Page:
Good Morning! Welcome to The Morning Shift, your roundup of the auto news you crave, all in one place at 9:00 AM every weekday morning. Here are the important stories you need to know.

1st Gear: They’re Still Talking About It

Fiat Chrysler CEO Sergio Marchionne has been blathering on about the need for the auto industry to consolidate for months. But why? Why is he so obsessed with the idea that automakers should stop competing on certain things and all work together?

He says that the industry is wasting billions of dollars developing the same parts across a number of automakers, money that could be returned to shareholders and be used to reduce the price of cars.

And to a point, he’s pretty spot on. He says that consumers couldn’t care less about which engine is in their cars. I think that’s overgeneralizing, since many automakers offers different solutions to get to certain goals of efficiency or performance, but there is an entire subset of buyers that just don’t give a rats ass. These are the people that walk into a dealer, probably a Toyota or Honda dealer, and say they’d like “one car please.”

Advertisement

I don’t think it’s as simple as Marchionne is saying, though. There are buyers who are loyal to brands because of their engineering solutions or buy a certain car because they’ve researched all the competitors and decided that a certain car fits what they need perfectly. That’s how this all works. There are a lot more people who care about what engine a car has or what components are in a car than we think.

But what might actually be going on is that Marchionne is panicked about the future. While everything seems all rosy and bright right now to the outside, there are some worries for years to come. The concern seems to come from growing sales that are being matched with shrinking profit margins. There’s a lot of fleet business at FCA for slow selling cars, which is always a concern since profits there are basically nonexistent. That means less cash to develop future cars and extend his aggressive plans for future growth.

Marchionne seems to think it’s for the good of the industry, but it sounds a lot more like the sole beneficiary would be FCA.

Advertisement

2nd Gear: GM Is Throwing Down Billions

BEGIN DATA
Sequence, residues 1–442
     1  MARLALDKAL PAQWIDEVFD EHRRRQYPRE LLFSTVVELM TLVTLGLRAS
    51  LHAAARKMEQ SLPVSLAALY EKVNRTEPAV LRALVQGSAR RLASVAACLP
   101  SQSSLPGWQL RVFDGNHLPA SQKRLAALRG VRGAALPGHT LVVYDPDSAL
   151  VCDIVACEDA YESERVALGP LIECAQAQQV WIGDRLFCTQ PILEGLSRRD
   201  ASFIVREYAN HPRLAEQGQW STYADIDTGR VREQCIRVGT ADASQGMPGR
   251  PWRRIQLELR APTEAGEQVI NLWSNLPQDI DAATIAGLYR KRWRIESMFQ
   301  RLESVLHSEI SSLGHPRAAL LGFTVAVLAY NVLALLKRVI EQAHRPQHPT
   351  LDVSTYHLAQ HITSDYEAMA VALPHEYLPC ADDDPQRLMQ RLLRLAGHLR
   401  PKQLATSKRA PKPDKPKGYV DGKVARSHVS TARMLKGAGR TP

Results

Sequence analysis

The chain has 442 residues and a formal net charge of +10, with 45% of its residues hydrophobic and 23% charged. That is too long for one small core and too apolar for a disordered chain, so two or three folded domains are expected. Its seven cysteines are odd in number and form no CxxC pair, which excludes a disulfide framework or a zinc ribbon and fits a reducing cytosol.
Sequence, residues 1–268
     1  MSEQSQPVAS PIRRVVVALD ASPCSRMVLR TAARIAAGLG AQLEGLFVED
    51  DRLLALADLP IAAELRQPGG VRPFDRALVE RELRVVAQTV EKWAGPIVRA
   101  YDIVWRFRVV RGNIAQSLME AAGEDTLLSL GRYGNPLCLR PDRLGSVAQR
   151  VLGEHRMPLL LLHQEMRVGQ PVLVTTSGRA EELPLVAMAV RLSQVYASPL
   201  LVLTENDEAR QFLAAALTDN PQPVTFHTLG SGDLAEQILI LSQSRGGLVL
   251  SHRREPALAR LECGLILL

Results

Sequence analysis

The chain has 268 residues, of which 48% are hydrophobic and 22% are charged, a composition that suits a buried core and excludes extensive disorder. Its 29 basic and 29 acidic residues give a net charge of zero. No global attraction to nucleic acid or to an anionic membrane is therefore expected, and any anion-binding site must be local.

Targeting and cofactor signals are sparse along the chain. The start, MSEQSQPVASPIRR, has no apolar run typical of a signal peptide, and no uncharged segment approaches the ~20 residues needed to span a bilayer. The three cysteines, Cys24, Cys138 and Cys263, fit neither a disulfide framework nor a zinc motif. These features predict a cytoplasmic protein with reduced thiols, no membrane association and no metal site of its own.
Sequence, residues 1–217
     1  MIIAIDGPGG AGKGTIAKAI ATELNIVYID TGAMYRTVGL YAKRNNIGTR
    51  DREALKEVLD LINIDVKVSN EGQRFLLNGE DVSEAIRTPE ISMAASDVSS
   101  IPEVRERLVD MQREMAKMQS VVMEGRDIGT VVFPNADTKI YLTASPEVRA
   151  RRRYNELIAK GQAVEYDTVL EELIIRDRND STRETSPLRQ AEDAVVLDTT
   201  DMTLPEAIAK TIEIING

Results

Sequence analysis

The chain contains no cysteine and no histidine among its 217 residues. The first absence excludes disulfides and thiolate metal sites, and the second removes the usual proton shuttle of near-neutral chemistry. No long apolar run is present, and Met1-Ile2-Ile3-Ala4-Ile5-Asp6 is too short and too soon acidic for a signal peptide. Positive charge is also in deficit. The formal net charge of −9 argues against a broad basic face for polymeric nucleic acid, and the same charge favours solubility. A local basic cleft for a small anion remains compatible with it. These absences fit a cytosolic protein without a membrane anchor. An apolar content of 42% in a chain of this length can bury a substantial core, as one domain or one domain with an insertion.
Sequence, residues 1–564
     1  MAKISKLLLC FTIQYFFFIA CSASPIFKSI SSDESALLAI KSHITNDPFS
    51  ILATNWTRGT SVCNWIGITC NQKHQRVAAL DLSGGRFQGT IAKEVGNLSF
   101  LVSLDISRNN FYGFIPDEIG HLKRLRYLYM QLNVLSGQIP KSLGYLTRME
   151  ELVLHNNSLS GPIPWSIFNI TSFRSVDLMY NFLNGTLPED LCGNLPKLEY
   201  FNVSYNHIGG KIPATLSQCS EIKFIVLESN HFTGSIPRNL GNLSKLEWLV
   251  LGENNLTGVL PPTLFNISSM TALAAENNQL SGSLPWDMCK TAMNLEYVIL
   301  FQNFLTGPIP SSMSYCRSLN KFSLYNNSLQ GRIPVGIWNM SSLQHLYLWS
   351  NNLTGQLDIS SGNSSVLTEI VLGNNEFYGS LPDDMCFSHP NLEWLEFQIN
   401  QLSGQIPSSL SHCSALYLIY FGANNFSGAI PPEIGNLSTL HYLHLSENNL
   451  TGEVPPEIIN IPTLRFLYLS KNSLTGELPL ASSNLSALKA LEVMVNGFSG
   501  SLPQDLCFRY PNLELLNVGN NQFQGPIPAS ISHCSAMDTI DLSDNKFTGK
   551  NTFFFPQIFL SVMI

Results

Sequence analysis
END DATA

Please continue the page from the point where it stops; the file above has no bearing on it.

GM is expected to announce today that it is going to invest several billion dollars in its manufacturing plants in North America. They will not be using the money to build new plants, but to actually revamp their existing plants for new models that are coming over the next several years.

Advertisement

The announcement will be today at the Pontiac Metal Center in Pontiac, Michigan. The announcement does not include the return of Pontiac.

3rd Gear: Ferrari IPO Coming

Advertisement

We knew that Ferrari had an IPO coming, but now we have a timeline, and it’s a bit later than we expected.

Ferrari will offer its IPO in the third quarter of 2015, but FCA says that the planned separation of the brand is on schedule.

4th Gear: Ford Recalls

Advertisement

Ford has started four recalls for nearly 600,000 cars. This comes right after NHTSA and the automakers met to figure out ways to increase the visibility of recalls and make people care more about them.

The new recalls include 518,313 Ford Fusions, Lincoln MKZs, and 2015 Ford Edges for bolts on the steering gear motor that can break and make the car lose power steering. 22,616 Lincoln MKZs are also getting recalled because when their headlights are on, the parking lights are too bright. 91 2015 F-150s might be missing heat shields under the body, and 50,157 Focus, Edge, Escape, and Transit Connects could have the nickel plating of the fuel pump cause it to seize, making the car unable to start.

5th Gear: RIP François Michelin

Advertisement

François Michelin, the man who transformed the Michelin tire company into a global powerhouse, has passed away at the age of 88.

Michelin came in as co-managing partner in 1955, and helped make the Michelin X Radial (which was introduced in the 1940s) into the global standard. When he left the company in 2002, Michelin had become the world’s largest tire maker.

RIP

Reverse

The Land Rover, a British-made all-terrain vehicle that will earn a reputation for its use in exotic locales, debuts at an auto show in Amsterdam on April 30, 1948.

Advertisement

Neutral

How can Marchionne express his desire to merge without sounding like he’s obsessed?


Contact the author at travis@jalopnik.com.